Centenarian Act vetoed for being ‘oppressive’
About 7,000 Filipinos aged 100 years old and above will have to hang on a little bit longer before they get additional benefits after President Aquino vetoed the proposed Centenarian Act that would have earned them each a P100,000 bonus, plus discounts on purchases.
Aquino vetoed the measure for being “excessive (and) unreasonable” and for being “patently oppressive.”
What caught the attention of the President was a provision in the bill proposing a whopping 75-percent discount on goods and services for the centenarians.
The 75-percent discount would not be tax deductible for business owners and the President said this “exceeds the usual mark-up rate of most businesses and will obliterate profit margins and result in capital loss.”
Estimates of the National Statistics Office put at 7,300 the number of Filipinos aged 100 and above. United Nations figures put the number of centenarians in the world at 455,000 in 2009 and their number was expected to rise to 4.1 million by 2050.
Average life expectancy in the Philippines is 67 years for men and 73 for women, according to government estimates.
Albay Rep. Edcel Lagman, the bill’s main author, was quick to assign the blame on the Senate version principally authored by Sen. Francis Pangilinan that jacked up the discount to 75 percent from the 50 percent in the House version.
The vetoed bill also called for a cash gift of P100,000 to all Filipinos who have reached the age of 100 years or more.
But hope is not lost for the centenarians as the President has not objected to Congress refiling the measure in the 16th Congress.
“They should assess this in case the proponents of the bill want it refiled because the intent of the law is certainly very laudable,” deputy presidential spokesperson Abigail Valte told a news briefing on Tuesday.
“What the veto zeroed in on was the 75 percent (which) would eat into the profit margins of retail and business owners,” Valte said.
Valte also said the proposed act did not provide for a tax credit or a tax deduction scheme for establishments to recover the said amount.
“What would happen is businessmen would bear the 75-percent burden. They can’t claim this as a tax deduction,” she said. In short, the 75-percent discount would not be tax-deductible.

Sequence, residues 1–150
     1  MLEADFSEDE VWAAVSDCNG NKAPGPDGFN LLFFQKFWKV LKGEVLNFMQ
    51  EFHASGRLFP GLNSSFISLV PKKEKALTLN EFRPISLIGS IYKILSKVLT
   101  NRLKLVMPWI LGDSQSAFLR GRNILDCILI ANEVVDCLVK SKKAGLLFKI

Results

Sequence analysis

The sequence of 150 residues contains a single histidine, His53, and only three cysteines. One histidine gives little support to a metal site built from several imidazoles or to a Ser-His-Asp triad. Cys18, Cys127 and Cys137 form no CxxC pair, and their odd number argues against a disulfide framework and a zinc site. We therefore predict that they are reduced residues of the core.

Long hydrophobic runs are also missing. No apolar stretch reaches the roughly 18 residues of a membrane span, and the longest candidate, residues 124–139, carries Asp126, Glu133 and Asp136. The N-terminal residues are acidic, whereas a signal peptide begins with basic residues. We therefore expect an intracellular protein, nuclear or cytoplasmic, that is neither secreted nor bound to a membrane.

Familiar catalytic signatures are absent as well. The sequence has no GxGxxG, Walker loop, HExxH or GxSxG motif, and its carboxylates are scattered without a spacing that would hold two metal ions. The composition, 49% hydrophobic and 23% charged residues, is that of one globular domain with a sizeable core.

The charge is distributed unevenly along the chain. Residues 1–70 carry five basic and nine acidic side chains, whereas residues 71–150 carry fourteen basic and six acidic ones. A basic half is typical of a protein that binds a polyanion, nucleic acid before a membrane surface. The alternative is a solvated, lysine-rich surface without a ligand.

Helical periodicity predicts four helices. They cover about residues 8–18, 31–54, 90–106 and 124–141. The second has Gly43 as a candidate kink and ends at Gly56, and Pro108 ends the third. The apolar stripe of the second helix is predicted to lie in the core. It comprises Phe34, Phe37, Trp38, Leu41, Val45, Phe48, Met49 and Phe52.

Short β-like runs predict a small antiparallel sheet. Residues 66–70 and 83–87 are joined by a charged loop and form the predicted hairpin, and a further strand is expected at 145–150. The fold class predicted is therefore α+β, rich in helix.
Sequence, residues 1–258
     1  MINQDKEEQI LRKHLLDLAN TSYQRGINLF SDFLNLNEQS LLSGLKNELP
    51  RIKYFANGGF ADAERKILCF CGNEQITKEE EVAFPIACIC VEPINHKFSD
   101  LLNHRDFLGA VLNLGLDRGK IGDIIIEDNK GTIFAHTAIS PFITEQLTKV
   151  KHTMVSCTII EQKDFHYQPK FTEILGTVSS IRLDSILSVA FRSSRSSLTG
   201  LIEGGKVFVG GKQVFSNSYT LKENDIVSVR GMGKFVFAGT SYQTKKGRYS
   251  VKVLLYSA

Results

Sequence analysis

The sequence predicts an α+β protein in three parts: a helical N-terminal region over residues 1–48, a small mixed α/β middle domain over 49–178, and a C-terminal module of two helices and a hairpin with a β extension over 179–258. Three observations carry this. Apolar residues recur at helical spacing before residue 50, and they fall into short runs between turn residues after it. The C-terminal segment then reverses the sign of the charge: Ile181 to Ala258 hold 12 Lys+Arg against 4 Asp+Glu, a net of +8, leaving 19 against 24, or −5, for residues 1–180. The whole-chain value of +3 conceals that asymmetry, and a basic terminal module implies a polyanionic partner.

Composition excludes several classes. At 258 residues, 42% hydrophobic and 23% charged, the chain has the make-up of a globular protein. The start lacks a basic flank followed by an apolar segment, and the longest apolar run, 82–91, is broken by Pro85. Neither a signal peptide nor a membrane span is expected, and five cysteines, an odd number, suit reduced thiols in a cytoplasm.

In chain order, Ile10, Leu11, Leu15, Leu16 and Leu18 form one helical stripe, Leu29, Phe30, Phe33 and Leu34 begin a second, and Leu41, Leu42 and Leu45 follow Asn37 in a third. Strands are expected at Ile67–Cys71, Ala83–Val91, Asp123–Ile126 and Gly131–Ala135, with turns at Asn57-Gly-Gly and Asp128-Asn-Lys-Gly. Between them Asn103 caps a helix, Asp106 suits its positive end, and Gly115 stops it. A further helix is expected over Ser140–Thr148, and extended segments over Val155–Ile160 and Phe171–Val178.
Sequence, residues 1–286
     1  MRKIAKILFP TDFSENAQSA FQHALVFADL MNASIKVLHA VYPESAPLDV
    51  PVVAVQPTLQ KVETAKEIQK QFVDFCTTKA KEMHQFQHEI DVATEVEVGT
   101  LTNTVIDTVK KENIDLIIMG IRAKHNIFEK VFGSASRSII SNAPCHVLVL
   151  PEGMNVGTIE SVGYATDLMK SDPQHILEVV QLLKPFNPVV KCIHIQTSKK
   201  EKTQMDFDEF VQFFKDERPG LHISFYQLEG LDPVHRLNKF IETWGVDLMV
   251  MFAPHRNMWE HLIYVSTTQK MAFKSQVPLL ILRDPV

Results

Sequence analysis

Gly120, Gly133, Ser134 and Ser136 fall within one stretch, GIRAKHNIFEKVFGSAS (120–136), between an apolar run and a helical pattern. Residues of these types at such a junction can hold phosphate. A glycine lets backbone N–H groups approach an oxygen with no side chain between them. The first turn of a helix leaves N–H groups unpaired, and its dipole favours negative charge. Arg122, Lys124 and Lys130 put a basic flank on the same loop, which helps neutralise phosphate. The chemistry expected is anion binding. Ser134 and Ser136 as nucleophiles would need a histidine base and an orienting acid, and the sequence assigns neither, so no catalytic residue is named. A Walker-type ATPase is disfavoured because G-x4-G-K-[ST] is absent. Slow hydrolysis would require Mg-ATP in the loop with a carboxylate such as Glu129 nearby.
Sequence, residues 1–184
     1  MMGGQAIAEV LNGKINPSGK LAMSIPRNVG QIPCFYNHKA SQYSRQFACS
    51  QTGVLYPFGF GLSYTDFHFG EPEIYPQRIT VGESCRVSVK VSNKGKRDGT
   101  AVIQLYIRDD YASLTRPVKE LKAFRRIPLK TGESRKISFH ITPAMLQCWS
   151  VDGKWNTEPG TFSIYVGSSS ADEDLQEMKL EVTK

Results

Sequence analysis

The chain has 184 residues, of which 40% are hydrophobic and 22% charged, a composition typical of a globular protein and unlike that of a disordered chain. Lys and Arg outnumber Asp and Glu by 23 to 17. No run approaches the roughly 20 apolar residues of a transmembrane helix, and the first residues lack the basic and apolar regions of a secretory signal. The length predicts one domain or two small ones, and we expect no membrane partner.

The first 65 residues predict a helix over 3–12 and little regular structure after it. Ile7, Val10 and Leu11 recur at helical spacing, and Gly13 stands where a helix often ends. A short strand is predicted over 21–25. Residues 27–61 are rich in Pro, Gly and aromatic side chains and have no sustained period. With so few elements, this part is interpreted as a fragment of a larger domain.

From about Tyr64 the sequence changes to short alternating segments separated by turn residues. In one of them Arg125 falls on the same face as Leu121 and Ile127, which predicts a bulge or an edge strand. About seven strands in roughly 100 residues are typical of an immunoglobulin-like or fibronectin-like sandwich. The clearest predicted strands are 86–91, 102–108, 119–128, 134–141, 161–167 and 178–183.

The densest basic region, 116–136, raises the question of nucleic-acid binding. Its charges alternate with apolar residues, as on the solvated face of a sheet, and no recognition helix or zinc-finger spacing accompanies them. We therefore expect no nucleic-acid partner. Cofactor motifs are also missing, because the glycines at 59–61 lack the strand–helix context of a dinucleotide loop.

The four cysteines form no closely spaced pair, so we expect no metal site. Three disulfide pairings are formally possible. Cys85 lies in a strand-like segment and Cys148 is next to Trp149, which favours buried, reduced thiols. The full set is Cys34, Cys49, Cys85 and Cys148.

Lagman blamed “bill grabber” Pangilinan for the killer provision.
“Bill grabbers are sometimes the bane of legislation because instead of assuring the enactment of a measure into law, they prejudice the final approval of a bill by the President,” Lagman said in a statement.
“Meanwhile, more centenarians will be gone without getting the legislated benefits,” Lagman said.
According to Lagman, Pangilinan copied the House version of the bill but added as his own amendment and input the non-tax-deductible 75-percent discount.
The House version provides for a 50-percent discount as an exception to the value added tax and as an amendment to the Senior Citizens Act, and does not remove the tax credit in favor of the businesses providing these, Lagman added.
The Senate approved the Pangilinan version shortly before Congress recessed for the elections, which was why the House was constrained to adopt the Senate version to do away with the need for a bicameral conference committee, Lagman said.
Lagman said on the phone that many centenarians had been waiting for the measure to become a law ever since it was passed in the House in March last year.
He said he received about five calls a day from relatives of 100-year-old Filipinos following up on the measure—and sometimes reporting the sad news that another centenarian had passed away.
With the President’s veto, the centenarians would have to hang on just a bit longer.
Lagman said his son and namesake, Edcel Lagman Jr., the newly elected Albay representative, would take up the cause when Congress convenes in July, and refile the original House version.
He said he saw the President’s point in rejecting the measure because of the 75-percent discount because even if the centenarians were only a small portion of the population, the discount could still adversely affect businesses.
Rare to be a hundred
There was also the concern it could be subject to abuse.
In filing the centenarian bill, Lagman had said it was very rare for Filipinos to reach the ripe, old age of 100.
“Living to be a centenarian, or three decades past the life expectancy, is therefore an achievement and a distinction worthy of emulation and public recognition,” he said.
Such longevity, Lagman said, “demands immense self-discipline.”
Aquino spelled out his reasons for thumbing down the bill in his veto message to Congress dated May 15.
“The 75-percent discount exceeds the usual mark-up of most businesses and will obliterate profit margins and result in capital loss. The provision granting the exorbitant discount may thus be subjected to a constitutional challenge from both retailers and service providers,” Aquino said.
“Furthermore, the 75-percent discount is patently oppressive as it will force retailers and service providers to exclusively bear the income loss as the proposed measure does not provide for a tax deduction to recover the said discount.”—With Inquirer Research